$12,200,000 / $287,510,128
Wait, this cost $183 MILLION?! HOW?!
4] Men in Black: International
$10,750,000 / $52,689,654
After opening last week to an abysmal $30 million for a heavily-pushed tentpole designed to refresh a hibernating franchise into, surprise surprise, a piss-poor Marvel knock-off, the new MIB is already cratering and is only going to hang around for another few weekends because the schedule is about to head to sleep until the start of July. Got thoughts on this coming later this week in other places, but I hated International. Completely hated it in a low-key way which niggled as the film progressed but has since grown into a pulsating tumour afterwards. This era of, what I have maturely dubbed, the “FUCK YOU, PAY ME” blockbuster needs to die off sharpish.
$10,290,000 / $117,583,535
Boy, do I wish an animation studio with talent and noble ambition had taken the “what are pets like when their owners are busy” concept instead of these goddamn lazy hacks.
$5,650,000 / $77,328,389
In contrast with the non-stop calamitous wildfire of the rest of the chart, here’s a mid-level mid-budget movie made for a specific target audience, serving a niche which normally isn’t covered by giant tentpole blockbusters, with strong reviews and positive audience response which opened just under a month ago semi-decently but has demonstrated strong legs (not once dropping more than 47% between weekends) and is now quite the respectable little earner both domestically and worldwide (currently sitting at $153 million) even though it didn’t command headlines or set tills ablaze. But no, sure, let’s reboot The Matrix instead.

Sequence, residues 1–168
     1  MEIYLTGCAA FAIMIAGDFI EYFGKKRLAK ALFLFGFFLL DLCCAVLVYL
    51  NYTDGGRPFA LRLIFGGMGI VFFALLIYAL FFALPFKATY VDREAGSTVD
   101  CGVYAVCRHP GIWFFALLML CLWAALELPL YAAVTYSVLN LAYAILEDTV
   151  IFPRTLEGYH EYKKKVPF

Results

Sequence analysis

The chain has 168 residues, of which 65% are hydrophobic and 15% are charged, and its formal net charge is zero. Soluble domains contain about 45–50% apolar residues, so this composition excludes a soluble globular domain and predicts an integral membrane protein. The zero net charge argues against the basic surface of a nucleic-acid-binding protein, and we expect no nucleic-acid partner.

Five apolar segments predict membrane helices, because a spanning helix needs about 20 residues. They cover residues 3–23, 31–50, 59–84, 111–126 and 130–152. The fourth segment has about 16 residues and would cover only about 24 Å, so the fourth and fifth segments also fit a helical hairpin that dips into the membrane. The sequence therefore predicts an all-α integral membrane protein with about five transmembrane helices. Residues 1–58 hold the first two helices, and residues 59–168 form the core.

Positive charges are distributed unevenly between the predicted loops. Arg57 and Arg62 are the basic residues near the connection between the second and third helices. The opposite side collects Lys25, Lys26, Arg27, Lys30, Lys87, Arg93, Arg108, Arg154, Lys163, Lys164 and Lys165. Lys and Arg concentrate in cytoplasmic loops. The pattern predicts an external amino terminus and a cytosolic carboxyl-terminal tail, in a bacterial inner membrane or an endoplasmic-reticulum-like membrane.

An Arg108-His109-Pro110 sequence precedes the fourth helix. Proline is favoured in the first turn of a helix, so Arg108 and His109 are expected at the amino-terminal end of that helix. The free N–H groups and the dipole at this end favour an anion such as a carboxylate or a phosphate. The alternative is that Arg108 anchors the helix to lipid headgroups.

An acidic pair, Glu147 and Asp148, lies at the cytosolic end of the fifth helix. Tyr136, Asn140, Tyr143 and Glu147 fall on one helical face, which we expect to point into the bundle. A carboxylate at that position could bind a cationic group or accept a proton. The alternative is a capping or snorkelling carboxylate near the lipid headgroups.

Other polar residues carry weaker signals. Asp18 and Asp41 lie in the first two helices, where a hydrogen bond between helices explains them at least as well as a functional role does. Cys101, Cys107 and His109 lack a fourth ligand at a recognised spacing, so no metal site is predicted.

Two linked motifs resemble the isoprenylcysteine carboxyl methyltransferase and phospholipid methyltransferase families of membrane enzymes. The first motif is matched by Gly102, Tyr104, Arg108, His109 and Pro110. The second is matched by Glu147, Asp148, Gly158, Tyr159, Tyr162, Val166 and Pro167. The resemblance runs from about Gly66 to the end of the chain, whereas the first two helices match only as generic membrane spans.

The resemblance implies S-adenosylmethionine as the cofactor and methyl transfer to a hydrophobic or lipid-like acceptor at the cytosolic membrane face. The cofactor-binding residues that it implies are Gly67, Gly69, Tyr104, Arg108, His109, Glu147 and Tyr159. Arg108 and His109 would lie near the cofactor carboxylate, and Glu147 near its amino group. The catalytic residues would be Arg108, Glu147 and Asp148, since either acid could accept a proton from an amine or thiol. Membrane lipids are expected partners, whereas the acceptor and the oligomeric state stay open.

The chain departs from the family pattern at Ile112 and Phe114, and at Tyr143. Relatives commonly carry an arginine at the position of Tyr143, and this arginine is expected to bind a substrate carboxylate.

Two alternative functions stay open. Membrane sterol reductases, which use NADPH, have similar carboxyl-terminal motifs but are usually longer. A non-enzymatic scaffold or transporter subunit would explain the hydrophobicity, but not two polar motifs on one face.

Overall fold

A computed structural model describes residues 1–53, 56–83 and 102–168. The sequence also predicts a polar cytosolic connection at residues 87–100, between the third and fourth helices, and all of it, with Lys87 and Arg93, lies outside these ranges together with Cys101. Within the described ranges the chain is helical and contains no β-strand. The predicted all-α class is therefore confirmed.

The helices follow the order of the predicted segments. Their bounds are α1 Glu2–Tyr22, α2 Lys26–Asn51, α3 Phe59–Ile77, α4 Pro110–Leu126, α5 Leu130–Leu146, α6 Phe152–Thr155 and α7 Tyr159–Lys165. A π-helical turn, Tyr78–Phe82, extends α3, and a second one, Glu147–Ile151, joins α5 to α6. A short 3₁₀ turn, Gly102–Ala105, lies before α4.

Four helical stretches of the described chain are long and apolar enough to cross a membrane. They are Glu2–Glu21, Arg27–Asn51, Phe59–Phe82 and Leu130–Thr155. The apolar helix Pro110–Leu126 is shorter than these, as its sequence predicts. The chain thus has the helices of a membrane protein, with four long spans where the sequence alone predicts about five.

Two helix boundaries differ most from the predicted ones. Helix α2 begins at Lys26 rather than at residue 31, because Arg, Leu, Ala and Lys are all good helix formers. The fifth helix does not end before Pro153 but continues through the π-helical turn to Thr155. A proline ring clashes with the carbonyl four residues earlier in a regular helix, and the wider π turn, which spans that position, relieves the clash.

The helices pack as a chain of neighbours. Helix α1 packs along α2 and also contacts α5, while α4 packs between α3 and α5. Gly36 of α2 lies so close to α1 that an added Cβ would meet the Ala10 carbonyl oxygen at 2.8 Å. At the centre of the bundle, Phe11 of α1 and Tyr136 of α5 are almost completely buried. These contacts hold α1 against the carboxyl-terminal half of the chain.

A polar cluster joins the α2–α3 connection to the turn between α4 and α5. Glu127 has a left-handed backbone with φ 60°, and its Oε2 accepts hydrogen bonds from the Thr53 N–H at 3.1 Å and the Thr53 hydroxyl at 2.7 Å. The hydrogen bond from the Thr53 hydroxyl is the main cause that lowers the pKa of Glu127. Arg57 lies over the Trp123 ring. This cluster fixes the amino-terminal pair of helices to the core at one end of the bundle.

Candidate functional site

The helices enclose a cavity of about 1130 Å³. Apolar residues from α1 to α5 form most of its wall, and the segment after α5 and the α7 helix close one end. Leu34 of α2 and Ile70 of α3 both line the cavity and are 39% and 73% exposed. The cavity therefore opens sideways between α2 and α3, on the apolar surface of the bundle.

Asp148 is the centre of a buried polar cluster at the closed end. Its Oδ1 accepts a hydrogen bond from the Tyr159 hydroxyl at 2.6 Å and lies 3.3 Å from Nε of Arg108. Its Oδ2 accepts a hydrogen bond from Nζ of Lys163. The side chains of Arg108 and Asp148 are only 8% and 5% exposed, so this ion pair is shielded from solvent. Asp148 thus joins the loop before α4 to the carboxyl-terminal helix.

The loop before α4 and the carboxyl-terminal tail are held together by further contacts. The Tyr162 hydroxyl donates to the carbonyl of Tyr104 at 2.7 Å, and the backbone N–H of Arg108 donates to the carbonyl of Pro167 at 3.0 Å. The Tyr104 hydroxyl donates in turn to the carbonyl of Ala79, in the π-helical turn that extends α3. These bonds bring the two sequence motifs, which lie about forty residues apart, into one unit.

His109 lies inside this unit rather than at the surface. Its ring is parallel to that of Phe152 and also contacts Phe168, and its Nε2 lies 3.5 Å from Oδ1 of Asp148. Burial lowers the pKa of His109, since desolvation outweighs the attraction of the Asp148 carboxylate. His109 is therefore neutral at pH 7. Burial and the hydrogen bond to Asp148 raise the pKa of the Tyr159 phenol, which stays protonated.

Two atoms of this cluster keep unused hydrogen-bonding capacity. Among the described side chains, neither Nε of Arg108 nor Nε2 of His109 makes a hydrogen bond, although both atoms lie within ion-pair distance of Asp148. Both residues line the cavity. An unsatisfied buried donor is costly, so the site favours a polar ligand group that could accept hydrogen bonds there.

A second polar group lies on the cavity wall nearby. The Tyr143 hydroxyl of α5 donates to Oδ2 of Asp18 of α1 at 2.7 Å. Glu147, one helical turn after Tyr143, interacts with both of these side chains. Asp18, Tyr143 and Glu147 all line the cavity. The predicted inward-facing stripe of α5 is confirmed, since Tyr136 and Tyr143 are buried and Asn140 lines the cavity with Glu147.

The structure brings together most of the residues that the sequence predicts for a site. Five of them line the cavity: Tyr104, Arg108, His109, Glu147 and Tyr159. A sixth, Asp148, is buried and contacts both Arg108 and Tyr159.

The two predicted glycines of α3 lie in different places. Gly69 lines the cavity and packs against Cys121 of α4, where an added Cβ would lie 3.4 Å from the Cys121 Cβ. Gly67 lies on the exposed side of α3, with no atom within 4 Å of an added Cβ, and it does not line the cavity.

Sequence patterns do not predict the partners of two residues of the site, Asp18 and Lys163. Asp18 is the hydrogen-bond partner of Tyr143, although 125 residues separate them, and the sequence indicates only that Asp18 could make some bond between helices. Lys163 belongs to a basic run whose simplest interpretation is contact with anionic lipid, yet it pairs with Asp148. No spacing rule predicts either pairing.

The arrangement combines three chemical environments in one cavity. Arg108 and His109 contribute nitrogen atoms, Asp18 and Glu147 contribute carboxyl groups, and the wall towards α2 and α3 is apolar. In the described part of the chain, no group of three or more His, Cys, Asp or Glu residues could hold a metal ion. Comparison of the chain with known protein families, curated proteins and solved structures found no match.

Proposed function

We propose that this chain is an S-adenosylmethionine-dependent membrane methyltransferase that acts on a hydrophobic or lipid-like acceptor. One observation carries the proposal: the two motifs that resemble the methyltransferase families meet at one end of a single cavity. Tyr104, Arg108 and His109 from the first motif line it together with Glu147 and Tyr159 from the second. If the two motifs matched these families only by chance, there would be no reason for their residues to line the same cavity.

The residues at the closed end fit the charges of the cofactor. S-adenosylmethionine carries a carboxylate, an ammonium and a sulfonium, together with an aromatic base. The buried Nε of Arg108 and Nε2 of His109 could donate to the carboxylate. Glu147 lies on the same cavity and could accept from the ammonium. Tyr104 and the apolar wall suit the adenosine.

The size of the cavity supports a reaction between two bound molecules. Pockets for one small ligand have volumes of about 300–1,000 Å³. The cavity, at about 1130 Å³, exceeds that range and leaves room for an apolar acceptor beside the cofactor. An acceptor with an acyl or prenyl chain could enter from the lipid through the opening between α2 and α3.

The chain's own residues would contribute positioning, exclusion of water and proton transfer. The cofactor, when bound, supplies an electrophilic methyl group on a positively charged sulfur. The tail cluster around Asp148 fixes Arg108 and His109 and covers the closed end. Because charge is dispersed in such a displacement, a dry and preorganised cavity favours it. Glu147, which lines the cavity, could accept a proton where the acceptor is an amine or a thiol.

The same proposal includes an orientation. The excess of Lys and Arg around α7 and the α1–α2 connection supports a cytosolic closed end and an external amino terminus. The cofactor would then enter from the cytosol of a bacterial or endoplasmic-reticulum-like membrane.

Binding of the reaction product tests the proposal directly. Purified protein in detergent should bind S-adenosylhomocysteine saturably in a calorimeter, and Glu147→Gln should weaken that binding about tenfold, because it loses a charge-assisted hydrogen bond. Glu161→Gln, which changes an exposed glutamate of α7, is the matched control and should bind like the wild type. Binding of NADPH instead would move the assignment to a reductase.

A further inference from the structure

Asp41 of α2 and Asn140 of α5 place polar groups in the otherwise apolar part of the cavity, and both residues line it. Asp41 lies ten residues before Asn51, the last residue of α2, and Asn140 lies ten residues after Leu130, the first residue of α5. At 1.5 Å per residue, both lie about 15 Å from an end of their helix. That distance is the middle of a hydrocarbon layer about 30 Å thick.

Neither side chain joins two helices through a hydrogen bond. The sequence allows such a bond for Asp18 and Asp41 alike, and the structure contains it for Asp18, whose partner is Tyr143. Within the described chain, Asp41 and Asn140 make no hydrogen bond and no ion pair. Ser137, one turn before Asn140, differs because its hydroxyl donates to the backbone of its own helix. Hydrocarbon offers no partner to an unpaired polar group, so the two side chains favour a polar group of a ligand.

7] John Wick: Chapter 3 – Parabellum
$4,075,000 / $156,067,424
Related to that last blurb, Parabellum has now grossed more worldwide than both of its two prior instalments combined and, in fact, has a great shot at outgrossing the worldwide takings of Chapter 2 ($171.5 mil) just domestically before all is said and done. Because, sometimes, if you just make a damn-great movie without breaking the bank, the people will come and come and come and come. But yeah, of course, let’s go make Bill & Ted 3 inste-nope, can’t do it. Can’t fake cynicism over the prospect of Bill & Ted Face the Music. I’M SORRY, THEY GOT TO ME! HOPE AND THE PURITY OF KEANU REEVES GOT TO ME!
8] Godzilla: King of the Monsters
$3,700,000 / $102,345,637
Well, at least this finally crossed $100 mil domestic? Friends, much as I will always staunchly believe that a giant-ass dumbass monster movie is deserving of tentpole blockbuster status with budgets nearing the $200 mil mark, maybe it’s time for us to admit that… they’re not? That maybe this extremely niche subgenre isn’t the kind of thing that discourse-capturing mega-blockbuster takings are made of? There is, after all, such a thing as spending too much money.
9] Dark Phoenix
$3,600,000 / $60,159,311
*best Nelson Muntz impression* HA-HA!
$3,555,000 / $15,941,394
This apparently really bad – bad in the qualitative sense, not bad in the “bad motherfucker” sense – Shaft rebootquel is going straight-to-Netflix in the UK this Friday. Before you immediately write it off, however, I would like to inform you that your new release schedule at theatres next week consists solely of Yesterday. Maybe worth a taking a chance on this.
Oh, also, Luc Besson’s Anna bombed, failing to make it into the Top 10 despite playing on 2,000+ screens, with Shaft beating it out by $20,000. Like I said, everything’s on fire right now. It’s fine.
Dropped out: Late Night, Avengers: Endgame (see you again next week probably)
Callie Petch honestly thought that they would be dead by now.